by Kelly Tolbert, Recreation Coordinator, Prescott Parks and Recreation
Ever consider the history of playgrounds and how they positively contribute to the growth and development of children? Probably not! The history of play and responsibility of playground owners to ensure reduced likelihood of life threatening injuries sustained by children playing, it is crucial to understand the importance of play. This has truly morphed into an entirely different industry than what I personally experienced as a child of the 1980’s. What has not changed is the need to get outside and play.
The concept of play is an inherent trait. Vital to the development of motor skills in young children, overall learning, and socialization, play is not limited to any certain age group. Historically, the activity known as playing (or play time) has been considered integral to children’s overall well-being. So, when does one stop playing? If a person pursues athletics, then playing a sport or multiple sports can last into adulthood. However, not everyone has the physical capability to pursue athletics successfully.
Advances in technology have attributed to a shift from outdoor play to indoor play. Coupled with fewer children outside playing in neighborhoods, overall fears parents face in today’s reality enhances the appeal of indoor play. Unfortunately, according to Psychology Today online, while indoor activity can be enjoyable it does not “promote adequate physical and mental growth”. In fact, researchers have discovered a disorder dubbed “Nature Deficit Disorder”. They have also found that by not playing in the outdoors, children miss the benefits associated with nature such as less stress, lower blood pressure, while developing better motor coordination as well as increased attention span.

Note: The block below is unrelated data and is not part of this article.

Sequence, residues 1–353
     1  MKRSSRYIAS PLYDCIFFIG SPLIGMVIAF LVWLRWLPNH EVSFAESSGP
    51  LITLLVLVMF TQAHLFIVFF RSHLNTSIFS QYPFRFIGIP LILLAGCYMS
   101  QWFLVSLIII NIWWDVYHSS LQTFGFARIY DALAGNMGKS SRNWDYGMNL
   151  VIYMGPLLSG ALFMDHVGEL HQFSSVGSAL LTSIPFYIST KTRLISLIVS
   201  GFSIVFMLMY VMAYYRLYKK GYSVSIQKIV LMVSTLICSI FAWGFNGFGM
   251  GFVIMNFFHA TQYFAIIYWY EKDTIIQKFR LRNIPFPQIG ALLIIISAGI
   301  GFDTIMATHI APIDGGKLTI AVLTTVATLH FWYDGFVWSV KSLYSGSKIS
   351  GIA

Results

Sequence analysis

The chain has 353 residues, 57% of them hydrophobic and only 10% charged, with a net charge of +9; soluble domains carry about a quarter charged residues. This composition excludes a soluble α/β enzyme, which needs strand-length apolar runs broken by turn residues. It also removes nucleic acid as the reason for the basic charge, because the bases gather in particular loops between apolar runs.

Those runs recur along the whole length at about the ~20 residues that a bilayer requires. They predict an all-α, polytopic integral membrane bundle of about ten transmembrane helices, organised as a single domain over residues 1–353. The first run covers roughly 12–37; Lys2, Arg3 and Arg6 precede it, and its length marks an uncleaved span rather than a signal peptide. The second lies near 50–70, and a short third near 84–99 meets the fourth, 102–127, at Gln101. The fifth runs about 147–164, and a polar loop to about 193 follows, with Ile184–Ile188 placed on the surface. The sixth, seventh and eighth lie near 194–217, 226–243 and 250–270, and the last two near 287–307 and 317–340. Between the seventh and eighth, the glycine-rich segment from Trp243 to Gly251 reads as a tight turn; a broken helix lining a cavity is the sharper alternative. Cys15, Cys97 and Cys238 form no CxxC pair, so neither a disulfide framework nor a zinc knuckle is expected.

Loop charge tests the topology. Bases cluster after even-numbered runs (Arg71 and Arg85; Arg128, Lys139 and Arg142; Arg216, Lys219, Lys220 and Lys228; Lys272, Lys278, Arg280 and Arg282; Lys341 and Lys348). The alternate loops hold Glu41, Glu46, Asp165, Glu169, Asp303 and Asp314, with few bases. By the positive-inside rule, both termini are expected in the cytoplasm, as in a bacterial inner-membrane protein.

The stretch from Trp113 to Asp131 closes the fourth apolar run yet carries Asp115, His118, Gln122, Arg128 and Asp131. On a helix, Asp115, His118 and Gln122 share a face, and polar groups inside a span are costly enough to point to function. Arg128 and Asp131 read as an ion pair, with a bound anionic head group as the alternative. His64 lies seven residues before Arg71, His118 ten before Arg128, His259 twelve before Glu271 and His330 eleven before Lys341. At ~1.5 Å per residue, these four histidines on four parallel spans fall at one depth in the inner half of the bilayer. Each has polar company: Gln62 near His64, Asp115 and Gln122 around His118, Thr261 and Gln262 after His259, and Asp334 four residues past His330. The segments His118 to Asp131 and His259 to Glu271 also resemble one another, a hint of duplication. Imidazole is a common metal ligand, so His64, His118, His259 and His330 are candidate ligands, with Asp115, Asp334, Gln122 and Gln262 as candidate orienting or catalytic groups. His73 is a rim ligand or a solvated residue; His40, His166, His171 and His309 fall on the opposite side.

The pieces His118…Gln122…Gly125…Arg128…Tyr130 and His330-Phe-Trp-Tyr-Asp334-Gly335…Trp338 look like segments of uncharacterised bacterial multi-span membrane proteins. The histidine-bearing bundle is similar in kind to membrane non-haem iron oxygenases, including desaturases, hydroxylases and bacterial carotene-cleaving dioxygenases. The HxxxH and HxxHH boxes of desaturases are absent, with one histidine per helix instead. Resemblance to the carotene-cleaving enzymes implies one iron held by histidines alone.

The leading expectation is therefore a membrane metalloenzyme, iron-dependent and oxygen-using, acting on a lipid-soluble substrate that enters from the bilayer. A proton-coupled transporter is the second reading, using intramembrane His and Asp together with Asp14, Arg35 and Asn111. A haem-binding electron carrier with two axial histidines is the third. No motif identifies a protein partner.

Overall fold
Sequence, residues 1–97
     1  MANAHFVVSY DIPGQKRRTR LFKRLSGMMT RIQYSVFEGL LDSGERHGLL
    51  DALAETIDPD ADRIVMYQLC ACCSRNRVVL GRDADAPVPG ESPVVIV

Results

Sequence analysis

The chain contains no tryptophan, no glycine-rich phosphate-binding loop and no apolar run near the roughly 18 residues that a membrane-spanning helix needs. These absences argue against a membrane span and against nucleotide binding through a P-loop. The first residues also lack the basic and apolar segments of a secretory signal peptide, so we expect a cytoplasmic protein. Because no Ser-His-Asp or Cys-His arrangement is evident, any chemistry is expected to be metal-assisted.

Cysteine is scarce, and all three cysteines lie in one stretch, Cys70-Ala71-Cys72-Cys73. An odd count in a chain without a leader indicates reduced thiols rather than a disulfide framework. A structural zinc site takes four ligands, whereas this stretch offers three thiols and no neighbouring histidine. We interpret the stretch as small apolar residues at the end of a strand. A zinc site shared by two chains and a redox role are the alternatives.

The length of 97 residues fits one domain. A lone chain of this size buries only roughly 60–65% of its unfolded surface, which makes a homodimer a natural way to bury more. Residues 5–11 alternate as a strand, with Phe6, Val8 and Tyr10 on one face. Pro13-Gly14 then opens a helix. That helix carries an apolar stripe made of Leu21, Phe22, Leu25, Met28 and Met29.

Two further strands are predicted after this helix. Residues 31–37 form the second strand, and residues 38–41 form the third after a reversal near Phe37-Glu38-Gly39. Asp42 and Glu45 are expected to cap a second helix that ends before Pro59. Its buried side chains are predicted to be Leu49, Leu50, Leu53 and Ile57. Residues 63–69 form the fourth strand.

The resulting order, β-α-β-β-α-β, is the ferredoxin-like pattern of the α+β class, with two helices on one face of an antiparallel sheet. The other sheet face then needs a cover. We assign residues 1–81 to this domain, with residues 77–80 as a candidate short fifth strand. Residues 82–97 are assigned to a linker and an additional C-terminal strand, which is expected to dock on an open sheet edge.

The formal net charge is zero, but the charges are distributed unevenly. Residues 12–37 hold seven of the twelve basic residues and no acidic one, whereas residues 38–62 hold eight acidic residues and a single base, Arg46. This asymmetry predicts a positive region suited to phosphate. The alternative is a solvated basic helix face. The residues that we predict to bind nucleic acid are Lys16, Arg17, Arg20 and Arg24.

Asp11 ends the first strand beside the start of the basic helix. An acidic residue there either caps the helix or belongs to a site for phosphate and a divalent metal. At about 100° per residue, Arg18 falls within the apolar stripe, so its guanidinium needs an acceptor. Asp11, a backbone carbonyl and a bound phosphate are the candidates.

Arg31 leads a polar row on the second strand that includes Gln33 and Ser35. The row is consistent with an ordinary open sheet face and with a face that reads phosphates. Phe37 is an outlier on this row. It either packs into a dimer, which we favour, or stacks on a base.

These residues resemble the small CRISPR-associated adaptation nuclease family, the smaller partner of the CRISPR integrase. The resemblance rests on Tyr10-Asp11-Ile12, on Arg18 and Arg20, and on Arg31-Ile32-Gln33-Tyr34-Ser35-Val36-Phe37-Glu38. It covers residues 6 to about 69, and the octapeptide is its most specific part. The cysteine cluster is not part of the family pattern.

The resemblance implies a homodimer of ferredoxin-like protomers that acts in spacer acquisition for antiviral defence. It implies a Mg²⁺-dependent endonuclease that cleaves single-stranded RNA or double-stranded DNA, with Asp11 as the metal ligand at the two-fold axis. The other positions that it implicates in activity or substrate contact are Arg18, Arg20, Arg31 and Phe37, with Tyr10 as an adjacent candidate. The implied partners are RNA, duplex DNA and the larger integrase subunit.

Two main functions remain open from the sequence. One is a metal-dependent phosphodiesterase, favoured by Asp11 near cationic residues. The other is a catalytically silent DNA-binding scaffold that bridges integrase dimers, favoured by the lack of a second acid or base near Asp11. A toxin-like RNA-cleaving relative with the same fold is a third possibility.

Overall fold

In looking at the overall benefits to play, one can argue that it is a necessary component of mental, emotional, and physical health. Fortunately, for residents and visitors to Prescott, there are ample opportunities for both children and adult play activities. The City of Prescott maintains twelve early life playgrounds suitable for ages 2-5 years old and 5-12 years old scattered among parks throughout the City. For adults or families, there are three recreation based lakes that host assorted amenities such as boating, fishing, hiking, bocce ball, horseshoes, volleyball, disc golf, geocaching, and camping. Adults can hike biweekly with an organized group by joining the Trekabout Hiking Club, collaboration between the Yavapai County Community Health Department (YCCHS), The Highlands Center for Natural History (HCNH), and the City of Prescott. Mountain biking is a growing activity for families and Prescott certainly has something to offer for all skill levels. Adults and children both enjoy the Mike Fann Skate Park, a state of the art facility located near Ken Lindley field, designated for skateboarding and BMX bicycling. Pioneer Park is home to the City’s flourishing adult softball leagues which play during the summer months and brand new pickleball courts offer both league and open play seven days a week. Grace Sparkes Activity Center has four tennis courts that are available on a first come first served basis, open during daylight hours.
Perhaps George Bernard Shaw best states it with the well known quote, serving as a wonderful reminder, that “We don’t stop playing because we grow old; we grow old because we stop playing.” For more information visit: www.Prescott-az.gov Recreation & Events